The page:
Furthermore, the reference to the Monkey King being captured and placed in the zoo for the entertainment of mortals raises questions of how we appropriate these myths and legends. The Monkey King is very much with us through all sorts of media. But our experience of him is very different from that of our ancestors, who believe that his spirit truly exists. Are these mythological figures merely meant for our entertainment, and are merely kept alive because they vaguely belong to something called culture?
With these thoughts percolating in my mind throughout the show, imagine my surprise when the programme notes only mentioned human self-doubt and the need for balance.
Throw in a riotous performance from an excellent cast and the action taking place at various corners in the theatre-in-the-round set-up, it is a fun ride.
If an earlier review of the original staging is anything to go by, kudos should go to the creative team, headed by director Kuo Jian Hong, for revamping the show quite thoroughly.
Contrary to my colleague’s opinion that there are “[n]o divine epiphanies,” I did not expect to get so much out of an hour’s performance.
In contrast, the gobbledygook that is the English programme notes for The Ordinary and the Unspectacular promises a profundity in the quotidian—a meditation on old age and the need for slowness in a chaotic age.
But all we get is a self-indulgent show that is more of a physical theatre exercise that should have never left the rehearsal room. The supposed exploration of facial expression, energy, physical vocabulary, gesture, posture, alignment, proxemics, tempo, and weight is superficial.
Even in slowness, there are so many possibilities for physical dynamics. However, the cast (CHIA, Julius Foo, Goh Lay Kuan, Jalyn Han, Lim Chiong Ngian, Lok Meng Chue, Wong May Lam), save for one of them who changes the set, all look like spectres hovering a few feet from their graves.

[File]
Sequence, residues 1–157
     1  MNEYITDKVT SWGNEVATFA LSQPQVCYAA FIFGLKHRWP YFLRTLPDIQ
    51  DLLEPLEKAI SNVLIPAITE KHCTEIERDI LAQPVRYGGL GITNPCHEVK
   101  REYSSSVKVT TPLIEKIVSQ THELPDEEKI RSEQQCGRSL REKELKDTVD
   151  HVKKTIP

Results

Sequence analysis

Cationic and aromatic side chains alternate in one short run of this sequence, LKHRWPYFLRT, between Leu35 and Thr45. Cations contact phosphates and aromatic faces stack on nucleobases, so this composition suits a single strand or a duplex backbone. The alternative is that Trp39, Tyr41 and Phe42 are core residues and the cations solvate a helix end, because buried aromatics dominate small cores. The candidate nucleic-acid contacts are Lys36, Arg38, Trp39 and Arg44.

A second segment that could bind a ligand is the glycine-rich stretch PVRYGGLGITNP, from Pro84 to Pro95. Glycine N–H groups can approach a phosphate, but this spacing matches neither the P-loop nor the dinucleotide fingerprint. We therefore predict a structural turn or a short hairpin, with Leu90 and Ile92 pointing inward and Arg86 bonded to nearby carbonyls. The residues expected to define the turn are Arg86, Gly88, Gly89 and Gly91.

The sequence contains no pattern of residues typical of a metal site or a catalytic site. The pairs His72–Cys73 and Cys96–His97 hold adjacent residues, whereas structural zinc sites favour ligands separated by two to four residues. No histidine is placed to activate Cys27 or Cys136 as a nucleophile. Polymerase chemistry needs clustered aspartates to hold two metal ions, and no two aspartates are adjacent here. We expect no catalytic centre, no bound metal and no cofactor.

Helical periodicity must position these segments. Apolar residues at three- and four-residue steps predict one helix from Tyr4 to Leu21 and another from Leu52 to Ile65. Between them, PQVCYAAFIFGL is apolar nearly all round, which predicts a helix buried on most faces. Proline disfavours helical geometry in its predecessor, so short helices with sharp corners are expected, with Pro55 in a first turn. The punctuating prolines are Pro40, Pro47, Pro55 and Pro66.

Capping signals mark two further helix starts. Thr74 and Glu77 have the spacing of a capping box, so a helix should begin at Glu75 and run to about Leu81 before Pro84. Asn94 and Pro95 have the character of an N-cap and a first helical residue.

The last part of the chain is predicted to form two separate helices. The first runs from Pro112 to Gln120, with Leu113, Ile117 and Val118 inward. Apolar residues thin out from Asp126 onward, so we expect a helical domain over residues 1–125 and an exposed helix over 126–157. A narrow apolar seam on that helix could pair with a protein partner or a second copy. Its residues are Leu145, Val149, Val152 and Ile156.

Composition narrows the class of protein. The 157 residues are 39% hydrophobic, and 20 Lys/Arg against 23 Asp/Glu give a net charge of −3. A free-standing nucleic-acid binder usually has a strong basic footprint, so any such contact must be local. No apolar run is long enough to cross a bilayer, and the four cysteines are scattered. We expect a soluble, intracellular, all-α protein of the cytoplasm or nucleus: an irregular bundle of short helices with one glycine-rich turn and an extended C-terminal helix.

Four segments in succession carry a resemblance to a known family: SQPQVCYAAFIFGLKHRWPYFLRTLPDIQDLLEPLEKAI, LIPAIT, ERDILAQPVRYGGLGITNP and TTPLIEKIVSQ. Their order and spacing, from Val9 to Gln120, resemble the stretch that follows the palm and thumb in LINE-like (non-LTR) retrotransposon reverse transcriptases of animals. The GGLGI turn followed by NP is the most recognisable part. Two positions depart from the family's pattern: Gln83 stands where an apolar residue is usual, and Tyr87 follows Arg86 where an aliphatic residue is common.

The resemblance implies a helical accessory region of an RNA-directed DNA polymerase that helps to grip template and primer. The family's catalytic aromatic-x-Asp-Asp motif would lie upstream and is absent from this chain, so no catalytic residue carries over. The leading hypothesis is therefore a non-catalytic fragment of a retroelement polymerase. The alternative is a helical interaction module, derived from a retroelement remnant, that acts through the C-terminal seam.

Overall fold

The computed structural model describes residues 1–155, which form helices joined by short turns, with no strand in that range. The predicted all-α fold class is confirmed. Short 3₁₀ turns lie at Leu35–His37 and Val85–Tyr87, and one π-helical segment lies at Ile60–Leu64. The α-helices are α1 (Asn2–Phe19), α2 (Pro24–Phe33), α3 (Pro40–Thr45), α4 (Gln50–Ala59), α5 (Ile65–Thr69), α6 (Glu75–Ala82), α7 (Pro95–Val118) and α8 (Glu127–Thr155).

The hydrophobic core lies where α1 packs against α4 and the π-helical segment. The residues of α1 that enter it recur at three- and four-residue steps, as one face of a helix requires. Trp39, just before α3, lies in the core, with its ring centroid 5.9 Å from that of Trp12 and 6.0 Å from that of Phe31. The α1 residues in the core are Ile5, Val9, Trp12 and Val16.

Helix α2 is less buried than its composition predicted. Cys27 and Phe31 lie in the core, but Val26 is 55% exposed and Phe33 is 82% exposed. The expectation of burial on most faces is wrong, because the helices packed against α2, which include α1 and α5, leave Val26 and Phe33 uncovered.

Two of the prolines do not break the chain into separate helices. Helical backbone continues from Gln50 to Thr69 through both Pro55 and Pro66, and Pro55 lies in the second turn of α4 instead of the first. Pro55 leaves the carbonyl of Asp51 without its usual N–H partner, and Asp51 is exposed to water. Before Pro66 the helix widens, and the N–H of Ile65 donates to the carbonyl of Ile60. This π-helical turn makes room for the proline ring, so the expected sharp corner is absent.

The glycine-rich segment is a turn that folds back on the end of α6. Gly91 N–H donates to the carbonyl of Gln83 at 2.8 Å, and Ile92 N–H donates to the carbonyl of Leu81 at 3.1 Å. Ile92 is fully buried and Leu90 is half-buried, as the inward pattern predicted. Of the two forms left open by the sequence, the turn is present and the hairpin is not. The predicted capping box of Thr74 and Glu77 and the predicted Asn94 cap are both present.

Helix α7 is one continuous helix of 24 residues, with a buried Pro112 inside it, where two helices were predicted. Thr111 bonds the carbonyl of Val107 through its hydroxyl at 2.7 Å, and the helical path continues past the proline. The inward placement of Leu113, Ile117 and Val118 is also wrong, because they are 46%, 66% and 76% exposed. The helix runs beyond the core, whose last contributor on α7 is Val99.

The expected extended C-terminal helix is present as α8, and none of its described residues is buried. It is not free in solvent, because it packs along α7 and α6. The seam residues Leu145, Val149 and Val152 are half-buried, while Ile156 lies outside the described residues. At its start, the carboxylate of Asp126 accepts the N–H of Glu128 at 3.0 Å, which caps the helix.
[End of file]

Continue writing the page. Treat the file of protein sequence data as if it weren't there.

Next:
To make things worse, the constant motif of walking into the light in the first 30 minutes of the show threatens to send this reviewer into a coma. It is no wonder four audience members walked out.
Is there anything interesting in the show at all? Well, there are a couple of scenes—Julius Foo clutching his red flip flops, and four women jostling for space with kitchen utensils. A friend, occasional critic, and namesake postulated that the former is about life and death, while the latter is about women’s struggle.
His interpretation is valid, but the two scenes do not redeem the show as a whole. More importantly, while they are intriguing, they do not add anything new intellectually or experientially.
The only novel thing about this purgatorial torture is the reverent silence from the audience. Perhaps it is due to the fact that the cast consists of well-respected veterans in the industry, and one hopes that something more could be gleaned from the performance.
This makes it all the more reprehensible as we are strung along with no end in sight.
That said, The Theatre Practice should be faulted to the extent that their two offerings do keep to the theme of play. It is just that one is playfully clever, while the other merely plays the audience.
Other Reviews of Immortalx
“Theatre Review: In Immortalx, gods losing their powers make for lively entertainment” by Olivia Ho, The Straits Times Life!
“Immortalx: Full of Artful Play and Adventure” by Victoria Chen, Popspoken
“M1 Patch! 2018: Immortalx by The Theatre Practice (Review)” by Bak Chor Mee Boy
Other Reviews of The Ordinary and the Unspectacular
“Slowing down and taking too long” by Akshita Nanda, The Straits Times Life!
“M1 Patch! 2018: The Ordinary and The Unspectacular《平淡无奇》 (Review)” by Bak Chor Mee Boy